Breaking the Idea of the “Perfect Couple”: The Rise of #RelationshipGoals

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With the ever-increasing surge of social media, and overwhelming influence of the internet consuming the everyday lives of the modern adolescent, a phrase that’s become popular amongst the rose-tinted and blissfully naïve minds of young romantics, has been the overly used thread of #relationshipgoals. 

This trend allows those who dream of being loved to expect certain aspects of a relationship. The overload of photos on Instagram, depicting teenage and young adult couples engaging in acts of playful affection, with their surroundings almost as beautiful as the photo’s intended focus. Whilst these various depictions often show off both the “simple” pleasures of intimacy, and lifestyles only a fraction of the globe enjoy, you always manage to catch a glimpse of that caption- #relationshipgoals.

jayalvarrezSteady diet ocean style 😜 @alexisreneg
Source: Instagram

We, as a generation, have become obsessed with finding happiness and love, influenced by displays of affectionate strangers. We try to imitate what they consider to be the “ideal” relationship. This might include exotic travels to wonders of the world, excessive demonstrations of wealth with lavish gifts, and experiences some of us may never be able to have ourselves. These vain and materialistic ideals which some have immersed themselves into, can be fractious and poisonous.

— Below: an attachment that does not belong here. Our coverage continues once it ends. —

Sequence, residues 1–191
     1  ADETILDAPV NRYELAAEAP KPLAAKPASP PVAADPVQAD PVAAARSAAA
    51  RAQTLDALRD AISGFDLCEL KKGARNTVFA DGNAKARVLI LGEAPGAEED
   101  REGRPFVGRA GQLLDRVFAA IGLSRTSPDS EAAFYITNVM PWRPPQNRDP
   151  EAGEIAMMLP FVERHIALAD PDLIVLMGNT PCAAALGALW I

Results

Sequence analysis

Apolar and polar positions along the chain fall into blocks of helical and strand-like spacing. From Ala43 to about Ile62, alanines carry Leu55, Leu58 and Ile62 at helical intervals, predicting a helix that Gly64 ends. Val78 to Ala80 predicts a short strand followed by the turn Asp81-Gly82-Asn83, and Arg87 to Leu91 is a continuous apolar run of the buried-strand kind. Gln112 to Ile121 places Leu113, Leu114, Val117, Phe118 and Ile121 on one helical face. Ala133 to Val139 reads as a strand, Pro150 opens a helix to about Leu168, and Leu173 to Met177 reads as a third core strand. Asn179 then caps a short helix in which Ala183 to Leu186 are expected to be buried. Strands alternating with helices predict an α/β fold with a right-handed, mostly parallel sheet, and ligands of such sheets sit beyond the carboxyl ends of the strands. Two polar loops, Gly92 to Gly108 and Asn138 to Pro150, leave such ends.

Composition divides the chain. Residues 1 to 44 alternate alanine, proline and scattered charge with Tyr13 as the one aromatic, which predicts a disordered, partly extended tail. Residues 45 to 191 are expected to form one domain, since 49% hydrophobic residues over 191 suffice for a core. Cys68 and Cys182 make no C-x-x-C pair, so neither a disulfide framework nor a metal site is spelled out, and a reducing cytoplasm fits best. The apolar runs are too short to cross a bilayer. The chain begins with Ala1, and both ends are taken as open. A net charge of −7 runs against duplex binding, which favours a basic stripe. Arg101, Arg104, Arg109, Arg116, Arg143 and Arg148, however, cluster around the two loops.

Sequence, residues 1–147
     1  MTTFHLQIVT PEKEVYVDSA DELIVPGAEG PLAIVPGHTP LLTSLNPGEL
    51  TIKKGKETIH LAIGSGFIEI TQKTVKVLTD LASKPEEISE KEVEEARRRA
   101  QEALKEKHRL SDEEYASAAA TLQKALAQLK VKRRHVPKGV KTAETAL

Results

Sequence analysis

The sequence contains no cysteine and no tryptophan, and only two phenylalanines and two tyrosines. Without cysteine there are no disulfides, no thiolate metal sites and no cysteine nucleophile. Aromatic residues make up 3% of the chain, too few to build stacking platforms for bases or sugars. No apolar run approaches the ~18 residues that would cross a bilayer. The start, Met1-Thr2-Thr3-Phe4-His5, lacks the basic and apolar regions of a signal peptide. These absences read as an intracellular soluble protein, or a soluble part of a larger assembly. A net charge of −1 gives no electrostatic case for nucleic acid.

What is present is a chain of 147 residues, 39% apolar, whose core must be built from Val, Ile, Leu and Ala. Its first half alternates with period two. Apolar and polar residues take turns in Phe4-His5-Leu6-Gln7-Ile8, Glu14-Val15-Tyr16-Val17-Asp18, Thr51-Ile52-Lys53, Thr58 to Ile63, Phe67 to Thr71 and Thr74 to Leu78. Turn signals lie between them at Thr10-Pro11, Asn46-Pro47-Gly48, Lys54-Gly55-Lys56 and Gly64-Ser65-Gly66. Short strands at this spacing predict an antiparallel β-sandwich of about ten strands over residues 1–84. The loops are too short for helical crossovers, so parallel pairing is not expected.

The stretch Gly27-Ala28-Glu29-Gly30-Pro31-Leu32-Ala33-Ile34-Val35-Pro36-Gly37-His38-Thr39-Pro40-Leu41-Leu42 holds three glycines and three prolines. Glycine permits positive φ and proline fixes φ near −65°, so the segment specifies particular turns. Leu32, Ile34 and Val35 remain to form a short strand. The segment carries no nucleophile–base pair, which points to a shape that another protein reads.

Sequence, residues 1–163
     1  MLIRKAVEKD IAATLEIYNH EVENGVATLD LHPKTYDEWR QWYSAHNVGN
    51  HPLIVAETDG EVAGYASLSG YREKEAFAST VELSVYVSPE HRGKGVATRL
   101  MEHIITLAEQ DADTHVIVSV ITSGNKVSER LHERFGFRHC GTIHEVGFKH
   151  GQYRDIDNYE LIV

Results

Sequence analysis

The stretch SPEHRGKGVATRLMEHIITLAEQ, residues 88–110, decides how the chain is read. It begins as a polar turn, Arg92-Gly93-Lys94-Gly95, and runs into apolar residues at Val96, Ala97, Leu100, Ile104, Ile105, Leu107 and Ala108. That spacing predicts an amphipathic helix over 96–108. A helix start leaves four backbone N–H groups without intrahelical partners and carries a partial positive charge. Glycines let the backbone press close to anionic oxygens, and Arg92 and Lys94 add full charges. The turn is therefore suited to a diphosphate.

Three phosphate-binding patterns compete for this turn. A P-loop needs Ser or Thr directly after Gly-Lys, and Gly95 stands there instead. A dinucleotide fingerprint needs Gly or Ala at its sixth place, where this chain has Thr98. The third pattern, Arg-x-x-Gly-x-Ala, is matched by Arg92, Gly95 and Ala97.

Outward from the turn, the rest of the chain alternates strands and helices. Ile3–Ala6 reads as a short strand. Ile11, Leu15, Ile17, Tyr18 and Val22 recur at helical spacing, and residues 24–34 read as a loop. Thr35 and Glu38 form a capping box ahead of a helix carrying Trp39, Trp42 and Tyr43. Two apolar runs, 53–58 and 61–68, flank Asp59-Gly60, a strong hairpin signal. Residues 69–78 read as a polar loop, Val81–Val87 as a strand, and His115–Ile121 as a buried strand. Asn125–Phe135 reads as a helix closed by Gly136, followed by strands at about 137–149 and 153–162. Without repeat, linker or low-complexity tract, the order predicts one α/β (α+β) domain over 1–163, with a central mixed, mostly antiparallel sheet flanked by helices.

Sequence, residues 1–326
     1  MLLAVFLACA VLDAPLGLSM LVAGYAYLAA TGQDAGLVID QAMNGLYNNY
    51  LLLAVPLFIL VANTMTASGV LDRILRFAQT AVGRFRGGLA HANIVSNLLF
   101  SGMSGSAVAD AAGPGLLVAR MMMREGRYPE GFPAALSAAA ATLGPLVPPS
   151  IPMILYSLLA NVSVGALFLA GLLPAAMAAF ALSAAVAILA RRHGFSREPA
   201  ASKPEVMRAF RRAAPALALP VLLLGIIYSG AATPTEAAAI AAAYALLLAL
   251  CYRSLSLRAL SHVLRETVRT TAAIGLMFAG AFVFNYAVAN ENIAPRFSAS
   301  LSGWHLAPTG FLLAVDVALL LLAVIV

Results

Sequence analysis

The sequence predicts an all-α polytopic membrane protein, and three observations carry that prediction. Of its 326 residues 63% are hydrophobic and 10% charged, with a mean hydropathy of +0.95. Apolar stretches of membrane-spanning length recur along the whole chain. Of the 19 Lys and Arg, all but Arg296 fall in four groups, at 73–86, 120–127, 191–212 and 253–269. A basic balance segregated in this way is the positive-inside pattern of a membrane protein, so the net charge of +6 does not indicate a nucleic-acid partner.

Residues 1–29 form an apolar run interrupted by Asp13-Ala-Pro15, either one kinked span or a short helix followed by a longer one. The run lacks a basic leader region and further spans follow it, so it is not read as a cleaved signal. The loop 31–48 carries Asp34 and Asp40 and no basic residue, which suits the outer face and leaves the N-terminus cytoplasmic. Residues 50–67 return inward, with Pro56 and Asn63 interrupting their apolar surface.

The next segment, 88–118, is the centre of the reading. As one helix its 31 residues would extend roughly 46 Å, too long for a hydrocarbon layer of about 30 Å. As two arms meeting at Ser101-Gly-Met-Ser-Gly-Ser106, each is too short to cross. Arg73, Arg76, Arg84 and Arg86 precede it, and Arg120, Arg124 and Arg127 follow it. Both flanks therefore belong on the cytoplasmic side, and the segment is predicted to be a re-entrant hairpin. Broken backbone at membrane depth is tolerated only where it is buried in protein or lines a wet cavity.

These ‘goals’ imply a set of guidelines, for both boys and girls, to achieve this narcissistic perception of ‘love’. For example, quotes that claim girls should be treated like princesses, and showered constantly with gifts consisting of branded clothes or extortionately priced make-up;  boys as misunderstood beings that are besotted with their partner, living with this re-occurring thought of self-deprecation, fuelling the need to be constantly reassured by their other half.

These ‘goals’ can manifest into frustration and discontent when someone doesn’t treat you the way you think they should. Perhaps they don’t share sympathy for your moodiness, or look after you when you’re on your period. Girls, it’s nothing new, it happens to the rest of us. When the behaviour of your partner doesn’t match your expectations, you feel let down and look for love elsewhere, in the hope that you’ll be one step closer to those ‘goals’.

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Source: Instagram

We grew out of idolising fairy tales, happy ever-afters and finding Prince Charming. We now tend to focus on a more ‘realistic’ depiction of what love and relationships seem to be. But, is this rise of #relationshipgoals having the opposite effect on our sponge-like minds, being more detrimental that helpful to achieve happiness, making us resent what we’re presented with in reality?